A LABOUR councillor in Sheffield has been forced to defend her party’s record in government after she admitted on the internet that she believed her party had not effectively tackled inequality.
Liberal Democrat opponents accused Mosborough councillor Isobel Bowler of admitting in private what she refused to say in public, after she posted on her Twitter account: “Inequalities deepened despite our 13 years in power.”
Lib Dems said Labour councillors have repeatedly defended Labour’s record on equality in public debates.
The online gaffe comes nearly a year after Coun Bowler, who was elected last May, inadvertently revealed on her Twitter site that she had never visited her Mosborough ward before and complained she would be doing a lot of travelling from her home in Ranmoor.
Her account has now been blocked to the public.
Lib Dem deputy council leader Coun David Baker said: “Personally I’m a bit of a technophobe, so I’m not a big fan of Twitter.
“However, one thing I do welcome is some of the revealing comments made on there by Labour councillors when they let their guard down.
“Thanks to this latest on-line blunder we now know that Labour councillors finally accept their government widened the inequality gap, although only in private when they think it won’t be reported.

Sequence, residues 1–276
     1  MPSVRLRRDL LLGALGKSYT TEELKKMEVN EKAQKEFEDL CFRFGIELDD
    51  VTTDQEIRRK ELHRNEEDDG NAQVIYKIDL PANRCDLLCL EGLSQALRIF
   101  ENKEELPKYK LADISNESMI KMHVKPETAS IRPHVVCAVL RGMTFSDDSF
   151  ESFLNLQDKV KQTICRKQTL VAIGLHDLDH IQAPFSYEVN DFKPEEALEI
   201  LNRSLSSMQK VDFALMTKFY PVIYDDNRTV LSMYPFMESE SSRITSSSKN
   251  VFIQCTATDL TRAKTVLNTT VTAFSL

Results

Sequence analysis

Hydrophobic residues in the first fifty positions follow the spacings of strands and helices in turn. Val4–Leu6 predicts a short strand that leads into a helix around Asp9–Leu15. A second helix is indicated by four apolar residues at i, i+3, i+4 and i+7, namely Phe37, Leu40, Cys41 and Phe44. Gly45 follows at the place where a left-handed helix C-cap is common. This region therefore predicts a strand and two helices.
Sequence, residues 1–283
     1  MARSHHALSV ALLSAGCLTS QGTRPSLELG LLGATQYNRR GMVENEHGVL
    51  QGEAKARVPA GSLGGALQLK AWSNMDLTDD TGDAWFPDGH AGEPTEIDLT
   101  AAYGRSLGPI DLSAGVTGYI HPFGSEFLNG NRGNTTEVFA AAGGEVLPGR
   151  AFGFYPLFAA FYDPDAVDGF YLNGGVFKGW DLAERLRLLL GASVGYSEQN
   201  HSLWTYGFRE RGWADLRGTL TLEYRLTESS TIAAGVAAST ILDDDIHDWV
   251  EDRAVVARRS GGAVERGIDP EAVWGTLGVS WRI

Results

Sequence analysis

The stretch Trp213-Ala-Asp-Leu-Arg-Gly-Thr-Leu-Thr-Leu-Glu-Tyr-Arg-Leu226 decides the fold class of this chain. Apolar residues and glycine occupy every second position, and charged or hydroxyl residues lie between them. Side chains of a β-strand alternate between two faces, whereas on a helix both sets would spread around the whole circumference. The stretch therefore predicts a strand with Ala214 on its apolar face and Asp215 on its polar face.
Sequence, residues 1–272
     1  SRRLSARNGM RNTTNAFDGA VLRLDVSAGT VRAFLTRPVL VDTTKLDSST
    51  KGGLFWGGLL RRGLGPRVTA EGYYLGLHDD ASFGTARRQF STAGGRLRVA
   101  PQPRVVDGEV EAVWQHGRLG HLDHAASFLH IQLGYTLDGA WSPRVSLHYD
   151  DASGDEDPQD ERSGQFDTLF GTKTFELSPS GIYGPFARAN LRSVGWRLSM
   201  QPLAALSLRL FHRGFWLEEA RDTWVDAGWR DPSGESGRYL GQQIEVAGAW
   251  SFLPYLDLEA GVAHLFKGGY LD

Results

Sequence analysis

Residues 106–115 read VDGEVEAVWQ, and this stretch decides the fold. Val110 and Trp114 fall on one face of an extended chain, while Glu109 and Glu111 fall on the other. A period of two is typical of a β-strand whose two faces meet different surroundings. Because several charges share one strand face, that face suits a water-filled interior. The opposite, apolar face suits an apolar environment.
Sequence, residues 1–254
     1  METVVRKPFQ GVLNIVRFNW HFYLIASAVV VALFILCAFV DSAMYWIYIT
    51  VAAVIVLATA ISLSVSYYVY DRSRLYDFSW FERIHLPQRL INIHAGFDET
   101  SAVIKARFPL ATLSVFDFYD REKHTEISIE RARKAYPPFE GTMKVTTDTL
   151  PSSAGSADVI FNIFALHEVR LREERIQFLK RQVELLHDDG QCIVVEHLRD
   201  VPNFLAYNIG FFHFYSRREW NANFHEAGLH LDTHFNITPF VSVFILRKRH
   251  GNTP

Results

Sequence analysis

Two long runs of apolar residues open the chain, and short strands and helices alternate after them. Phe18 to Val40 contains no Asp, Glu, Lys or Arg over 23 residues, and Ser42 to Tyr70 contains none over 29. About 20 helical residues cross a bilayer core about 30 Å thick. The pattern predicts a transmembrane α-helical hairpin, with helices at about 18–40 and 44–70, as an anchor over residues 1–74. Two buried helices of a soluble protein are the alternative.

“Instead of arguing things that they know not to be true, Labour should be asking themselves why inequalities deepened despite unprecedented amounts of taxpayer’s money being spent.”
But Coun Bowler mounted a fierce defence of her party’s record and said: “I think it’s astonishing that the Lib Dems have nothing better to do than monitor Twitter feeds, particularly now when they should be focusing on delivering the best deal for Sheffield in the midst of the largest cuts the council has ever seen.
“The Labour government helped 600,000 children out of poverty, created the minimum wage and invested in programmes to prevent youth unemployment.
“However, we recognise that much more is to be done and Ed Miliband has acknowledged that the gap between the richest and poorest in our society is something that must be addressed.
This is why Labour has argued for policies such as a living wage, which will improve the incomes of many people on low pay.”